# Aloe Vera can be used in controlling blood sugar levels. People sometimes use Aloe Vera for treating diabetes. This may enhance insulin sensitivity and help alleviate or improve blood sugar levels. But due to the quality of the existing studies not being ideal enough, scientists do not currently recommend using Aloe Vera as the primary way to control blood sugar levels.
# Aloe Vera consists of 96-97% water. Thus, it hydrates normal to oily skin without clogging the pores. Dissimilar to regular, market-bought moisturizers, Aloe Vera gel doesn’t leave a greasy film on the face and the skin when used as a moisturizing gel. It does the exact opposite – unclogs the pores and softens the skin. Aloe Vera also helps reduce dark patches; at least one study reports that the active ingredient aloin causes melanin aggregation, leading to skin lightening.
# Aloe Vera can also be used to treat hair issues. Like skin reproduction, Aloe Vera gel increases blood circulation to the scalp, thus helping in activating new hair growth. It also provides essential minerals and vitamins.
# Aloe Vera contains proteolytic enzymes that help repair and restore dead skin on the scalp. Aloe Vera also keeps dandruff at bay since it helps in healing dry skin, fungal infections, and excessively oily skin. All these are significant causes of dandruff. It is one of the natural ways to get rid of dandruffs.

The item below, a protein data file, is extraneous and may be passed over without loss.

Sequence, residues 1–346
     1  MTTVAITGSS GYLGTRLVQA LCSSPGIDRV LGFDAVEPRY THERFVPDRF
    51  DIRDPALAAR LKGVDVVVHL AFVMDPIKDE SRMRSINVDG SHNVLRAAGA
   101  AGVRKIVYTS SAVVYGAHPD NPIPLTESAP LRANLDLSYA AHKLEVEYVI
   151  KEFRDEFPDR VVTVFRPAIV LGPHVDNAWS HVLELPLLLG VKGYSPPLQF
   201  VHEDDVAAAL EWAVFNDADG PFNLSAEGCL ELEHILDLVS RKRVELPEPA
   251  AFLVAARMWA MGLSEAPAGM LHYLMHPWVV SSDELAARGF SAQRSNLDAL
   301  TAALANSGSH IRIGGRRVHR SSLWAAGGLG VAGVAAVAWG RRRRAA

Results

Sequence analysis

3. Now, Drumroll, Aloe Vera Juice Recipe!
Aloe Vera juice is not just a scrumptious but nutritious addition to any drink or smoothie. Aloe Vera juice is a gooey, thick liquid made from the pulp of the Aloe Vera plant leaf.
Aloe Vera has been historically used both topically and orally. Consuming the Aloe Vera plant’s gel is known to soothe swelling, prevent indigestion, and regulate blood sugar levels.
4. How to Make Aloe Vera Juice?
Wondering how to make homemade appetizing Aloe Vera juice? We got you covered. Following are not just one but two methods to make your homemade Aloe Vera juice.
4.1. Ingredients that You Will Require:
- Sharp knife
- Aloe barbadensis leaves
- A variety of fruits and produces (for making Aloe Vera drinks, juices, and smoothies)
Method – 1
Wash the Aloe Vera leaf under a running stream of water and let it dry. Aloe Vera secretes a yellowish liquid (yellow Aloe latex) that is toxic, so you’ll need to wash it well. If you’ve just harvested it from your orchard, let the leaf sit inside for an hour or so, so that all the liquid (also known as “latex”) gets out. Then wash the leaves.